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Baby you can drive my car

There’s so much going on today, what with those terrible fires in Australia, Premier League managers being sacked left, right and centre and all the hoo-ha about bankers’ bonuses, that I suspect Neelie Kroes’ meeting with the roundtable to discuss the future of the car block exemption may have gone unnoticed. I wrote about this issue in September, when it hit some of the papers. Today Kroes gave a “cast iron guarantee” that she would “not agree to any change to the rules that will make life harder for independent repairers”. She  also said that the Commission “will not use competition policy to put unnecessary barriers in front of efforts to help the industry survive and adapt”.

Coming back to the fires, it beggars belief that anybody could deliberately start those fires, knowing how often Australia suffers. What is going on in the heads of these people? When I was Science Spokeswoman, we did a report every year about the previous season’s fires, as well as showing the system developed for monitoring and warning about fires. The 2007 report says for Italy, just to take an example:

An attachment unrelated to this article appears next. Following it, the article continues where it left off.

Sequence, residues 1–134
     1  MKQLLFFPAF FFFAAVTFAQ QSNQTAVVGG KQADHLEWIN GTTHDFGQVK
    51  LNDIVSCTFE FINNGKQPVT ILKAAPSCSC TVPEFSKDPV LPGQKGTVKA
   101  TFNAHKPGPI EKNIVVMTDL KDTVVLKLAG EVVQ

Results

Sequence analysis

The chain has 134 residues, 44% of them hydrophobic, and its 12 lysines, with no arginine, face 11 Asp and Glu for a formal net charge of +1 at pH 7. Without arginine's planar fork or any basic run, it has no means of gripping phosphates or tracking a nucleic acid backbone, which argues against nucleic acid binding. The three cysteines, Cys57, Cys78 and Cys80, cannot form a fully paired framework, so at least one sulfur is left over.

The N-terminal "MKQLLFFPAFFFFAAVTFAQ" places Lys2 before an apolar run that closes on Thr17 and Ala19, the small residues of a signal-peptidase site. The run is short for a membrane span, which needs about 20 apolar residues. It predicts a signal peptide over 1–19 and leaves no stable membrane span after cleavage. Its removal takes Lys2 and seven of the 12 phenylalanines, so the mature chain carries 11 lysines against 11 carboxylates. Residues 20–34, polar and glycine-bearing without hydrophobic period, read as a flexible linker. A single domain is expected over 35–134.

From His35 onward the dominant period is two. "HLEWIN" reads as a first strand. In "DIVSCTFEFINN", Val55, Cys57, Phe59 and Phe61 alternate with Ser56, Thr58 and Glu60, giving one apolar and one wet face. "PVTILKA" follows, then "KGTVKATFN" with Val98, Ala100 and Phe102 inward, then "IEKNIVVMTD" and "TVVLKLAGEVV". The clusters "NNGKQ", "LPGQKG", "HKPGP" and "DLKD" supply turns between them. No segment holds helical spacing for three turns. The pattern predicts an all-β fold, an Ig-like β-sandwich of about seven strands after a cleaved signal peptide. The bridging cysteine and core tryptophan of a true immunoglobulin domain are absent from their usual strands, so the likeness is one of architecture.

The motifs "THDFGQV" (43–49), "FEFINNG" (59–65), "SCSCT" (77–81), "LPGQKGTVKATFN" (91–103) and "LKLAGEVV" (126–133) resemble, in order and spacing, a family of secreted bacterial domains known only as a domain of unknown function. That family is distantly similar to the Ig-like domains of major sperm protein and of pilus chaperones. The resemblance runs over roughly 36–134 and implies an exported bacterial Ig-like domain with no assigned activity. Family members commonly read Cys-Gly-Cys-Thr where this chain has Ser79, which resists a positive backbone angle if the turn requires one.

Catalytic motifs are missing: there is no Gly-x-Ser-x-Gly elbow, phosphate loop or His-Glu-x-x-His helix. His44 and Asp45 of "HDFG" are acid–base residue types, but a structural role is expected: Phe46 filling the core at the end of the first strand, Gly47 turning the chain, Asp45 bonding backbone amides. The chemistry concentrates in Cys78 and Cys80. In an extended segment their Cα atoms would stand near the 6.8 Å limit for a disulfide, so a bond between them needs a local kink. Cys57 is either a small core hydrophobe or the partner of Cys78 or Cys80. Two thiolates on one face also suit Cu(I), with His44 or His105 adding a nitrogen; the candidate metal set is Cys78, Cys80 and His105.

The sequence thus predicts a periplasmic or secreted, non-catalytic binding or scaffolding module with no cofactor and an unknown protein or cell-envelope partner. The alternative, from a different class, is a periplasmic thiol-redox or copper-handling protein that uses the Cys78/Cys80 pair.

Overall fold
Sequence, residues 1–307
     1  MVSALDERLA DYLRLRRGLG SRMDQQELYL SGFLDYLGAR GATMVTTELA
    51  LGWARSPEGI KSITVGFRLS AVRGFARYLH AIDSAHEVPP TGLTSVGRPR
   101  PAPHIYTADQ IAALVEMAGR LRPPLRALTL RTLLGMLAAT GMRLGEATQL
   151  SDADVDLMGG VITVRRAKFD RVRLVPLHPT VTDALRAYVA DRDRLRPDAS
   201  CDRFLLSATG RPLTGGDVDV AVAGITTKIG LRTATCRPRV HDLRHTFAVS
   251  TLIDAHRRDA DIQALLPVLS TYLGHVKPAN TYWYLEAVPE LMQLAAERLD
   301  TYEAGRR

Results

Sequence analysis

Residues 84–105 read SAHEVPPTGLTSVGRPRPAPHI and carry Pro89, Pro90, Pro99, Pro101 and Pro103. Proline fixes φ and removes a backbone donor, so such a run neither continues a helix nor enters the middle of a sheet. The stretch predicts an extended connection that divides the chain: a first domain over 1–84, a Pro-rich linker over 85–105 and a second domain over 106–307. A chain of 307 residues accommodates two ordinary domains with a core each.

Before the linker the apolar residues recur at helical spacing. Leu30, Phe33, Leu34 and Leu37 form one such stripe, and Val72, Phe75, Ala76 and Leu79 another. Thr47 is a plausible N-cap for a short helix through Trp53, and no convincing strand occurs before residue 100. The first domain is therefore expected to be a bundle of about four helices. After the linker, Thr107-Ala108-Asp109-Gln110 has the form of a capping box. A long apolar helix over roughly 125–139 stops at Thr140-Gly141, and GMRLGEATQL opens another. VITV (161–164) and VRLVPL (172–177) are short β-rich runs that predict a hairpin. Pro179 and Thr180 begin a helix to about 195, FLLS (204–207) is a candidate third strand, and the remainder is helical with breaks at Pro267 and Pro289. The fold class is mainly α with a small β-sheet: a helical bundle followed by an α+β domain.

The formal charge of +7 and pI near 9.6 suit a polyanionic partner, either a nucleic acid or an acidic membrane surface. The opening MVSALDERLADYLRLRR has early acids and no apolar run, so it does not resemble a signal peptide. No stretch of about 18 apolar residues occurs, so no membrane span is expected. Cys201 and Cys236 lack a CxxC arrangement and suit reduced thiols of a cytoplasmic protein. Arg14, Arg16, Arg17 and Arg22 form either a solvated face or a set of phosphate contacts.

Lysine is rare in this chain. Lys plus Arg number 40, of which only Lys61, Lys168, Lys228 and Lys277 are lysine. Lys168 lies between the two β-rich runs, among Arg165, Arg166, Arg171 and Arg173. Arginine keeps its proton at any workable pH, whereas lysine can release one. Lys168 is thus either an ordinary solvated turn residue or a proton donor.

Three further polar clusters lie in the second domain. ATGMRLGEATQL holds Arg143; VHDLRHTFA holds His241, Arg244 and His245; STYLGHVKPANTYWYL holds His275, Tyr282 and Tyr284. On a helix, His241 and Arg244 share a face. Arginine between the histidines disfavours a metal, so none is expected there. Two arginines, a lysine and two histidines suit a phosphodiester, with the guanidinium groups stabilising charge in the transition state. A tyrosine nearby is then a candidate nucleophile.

The most worrying aspect is the increase in arson that, in percentages, is the highest since 1998 and concerns the cause of nearly 7000 fires ; it has more than doubled since last year.

If you have friends or family in Australia, I hope they are safe and well. It does make you appreciate the good things that you have.

For me that was very evident this weekend, with three of my closest friends from Brussels coming over to stay with me, and while they were here we managed to catch up with loads of other friends. The best weekend I’ve had in years. We went to Strictly Live, which was hilarious fun, and also managed to catch Derek Jacobi as Malvolio in Twelfth Night as part of the Donmar in the West End season  – what a pleasure to see one of the greats in action. Not even the uselessness of London’s transport could get us down – neither the Northern Line nor the Jubilee line was working (fairly crucial if you’re going from Balham to the O2) so we drove, a trip of 11 miles that took 1.5 hours – an average speed of 7.33 miles per hour by my reckoning.

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Filed under Culture, Living in London, Media, Personal